Kyiv

The history of Kyiv goes long back. Various legends are told about the beginning of the city, and while historians believe it originated around the end of the 9th century, it existed even before Russia and Ukraine. It was from here that the East Slavic Civilization spread all the way to Alaska. Already in our first evening in Kyiv we will start by diving right into the rich Ukrainian culture by passing the evening promenading along the Dnieper River and visiting the National Opera and Ballet Theatre of Ukraine. After WWI the Opera of Kyiv became one of the most prestigious in Ukraine and Russia. Following the collapse of the Soviet Union and the declaration Ukrainian Independence in 1991, the local theatre scene blossomed and it became the fertilized ground from which great composers and dancers like Mykola Lysenko, Myroslav Skoryk and Sergej Polunin emerged.

Kiev-Pechersk Lavra, known as the caves monastery and the holiest ground of the East Slavic countries, is declared as UNESCO World Heritage Site, together with Kiev’s Saint Sophia Cathedral. Both of these astounding structures represent the outstanding complexes of cultural heritage monuments from the Middle Ages and Early Modern period. These two main attractions of Kiev will introduce us to the complex Ukrainian history and religion, leading up to the current situation. Our visits to the St. Michael’s Cathedral, Andriyivski Uzviz, St.Volodymyr’s Catherdral and the St.Andrews Church will give us an insight in the Ukrainian orthodox faith, marvelous architecture and beautiful landscape. Walking down Khreshchatyk Street, and by passing by the World’s deepest metro station named Arsenalna, we will eventually arrive at the Maidan Nezalezhnosti, the Independence Square of Kyiv. A small square with greater significance than you imagined, filled with many shops and cafes and people passing through. Nevertheless, it is overwhelming to realize the importance of the political and social journey that started at Maidan Nezalezhnosti. We will also further engage with this political journey in our talks with public and political figures in Kiyv, but details will be announced later on.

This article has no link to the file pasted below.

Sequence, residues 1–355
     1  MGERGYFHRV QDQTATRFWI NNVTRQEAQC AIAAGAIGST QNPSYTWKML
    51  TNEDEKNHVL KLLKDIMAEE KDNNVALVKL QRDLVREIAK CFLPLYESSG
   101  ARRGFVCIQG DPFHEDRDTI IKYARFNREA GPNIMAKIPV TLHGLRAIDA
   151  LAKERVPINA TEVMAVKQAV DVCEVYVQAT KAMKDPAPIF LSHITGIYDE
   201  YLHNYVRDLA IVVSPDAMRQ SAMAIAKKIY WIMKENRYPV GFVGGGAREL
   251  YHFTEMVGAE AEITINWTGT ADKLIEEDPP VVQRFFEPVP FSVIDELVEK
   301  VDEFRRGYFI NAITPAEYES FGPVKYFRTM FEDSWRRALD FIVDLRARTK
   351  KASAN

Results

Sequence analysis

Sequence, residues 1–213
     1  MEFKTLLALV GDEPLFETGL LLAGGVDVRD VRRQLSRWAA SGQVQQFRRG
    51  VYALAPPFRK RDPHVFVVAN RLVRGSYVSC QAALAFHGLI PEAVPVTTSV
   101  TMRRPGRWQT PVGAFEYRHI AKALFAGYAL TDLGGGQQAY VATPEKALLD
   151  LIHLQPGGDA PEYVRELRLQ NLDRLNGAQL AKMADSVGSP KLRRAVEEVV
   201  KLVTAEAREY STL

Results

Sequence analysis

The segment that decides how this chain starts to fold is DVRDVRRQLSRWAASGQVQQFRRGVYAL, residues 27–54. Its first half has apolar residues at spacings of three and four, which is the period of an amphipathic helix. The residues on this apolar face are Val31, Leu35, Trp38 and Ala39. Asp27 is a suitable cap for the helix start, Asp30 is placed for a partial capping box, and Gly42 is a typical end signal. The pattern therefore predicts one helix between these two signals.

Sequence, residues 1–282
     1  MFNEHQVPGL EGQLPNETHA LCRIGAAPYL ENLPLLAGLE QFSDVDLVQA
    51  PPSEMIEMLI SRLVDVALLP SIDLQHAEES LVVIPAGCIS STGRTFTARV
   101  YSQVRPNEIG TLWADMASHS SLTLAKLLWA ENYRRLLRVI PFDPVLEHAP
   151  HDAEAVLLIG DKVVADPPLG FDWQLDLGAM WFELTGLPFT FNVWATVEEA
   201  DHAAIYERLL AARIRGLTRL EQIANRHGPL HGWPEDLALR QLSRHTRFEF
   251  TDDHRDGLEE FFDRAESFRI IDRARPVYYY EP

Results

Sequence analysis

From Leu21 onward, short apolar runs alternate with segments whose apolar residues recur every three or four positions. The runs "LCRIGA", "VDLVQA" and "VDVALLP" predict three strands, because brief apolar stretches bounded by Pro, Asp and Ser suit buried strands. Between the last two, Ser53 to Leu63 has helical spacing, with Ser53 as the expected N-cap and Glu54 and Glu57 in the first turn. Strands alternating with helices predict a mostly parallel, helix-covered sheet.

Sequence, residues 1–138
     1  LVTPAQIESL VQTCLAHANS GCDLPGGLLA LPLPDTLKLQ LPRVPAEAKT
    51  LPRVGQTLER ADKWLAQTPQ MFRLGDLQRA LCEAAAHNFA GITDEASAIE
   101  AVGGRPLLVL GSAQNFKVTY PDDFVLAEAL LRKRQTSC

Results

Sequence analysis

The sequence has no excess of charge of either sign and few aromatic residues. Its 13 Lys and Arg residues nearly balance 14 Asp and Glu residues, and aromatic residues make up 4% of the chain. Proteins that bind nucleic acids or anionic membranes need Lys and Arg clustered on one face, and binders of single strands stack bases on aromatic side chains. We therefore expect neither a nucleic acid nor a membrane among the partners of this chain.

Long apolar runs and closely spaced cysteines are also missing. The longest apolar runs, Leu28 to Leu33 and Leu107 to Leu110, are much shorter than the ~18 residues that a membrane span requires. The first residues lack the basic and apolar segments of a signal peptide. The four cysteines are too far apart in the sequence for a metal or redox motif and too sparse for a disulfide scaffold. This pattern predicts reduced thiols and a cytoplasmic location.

We will then visit one of the biggest statues of the world: Rodina Mat’s height exceeds the Statue of Liberty by almost 10 meters. The “statue of the Motherland” had even been higher before it was taken of part of its sword because it should not be higher than the cross at Pechersk Lavra, but still offers an incredible view over the city.

Some general information: The trip will take place from the 8th to the 14th of April 2016, and the costs will be €330. The Chernobyl tour is optional and therefore not included in the price – an additional €45 will be requested from the participants. Next week we will share more information and footage including more details on what to do in Chernobyl and the alternative program for the people not joining the Chernobyl tour.

Hope you’re getting hooked on Ukraine as much as we are!

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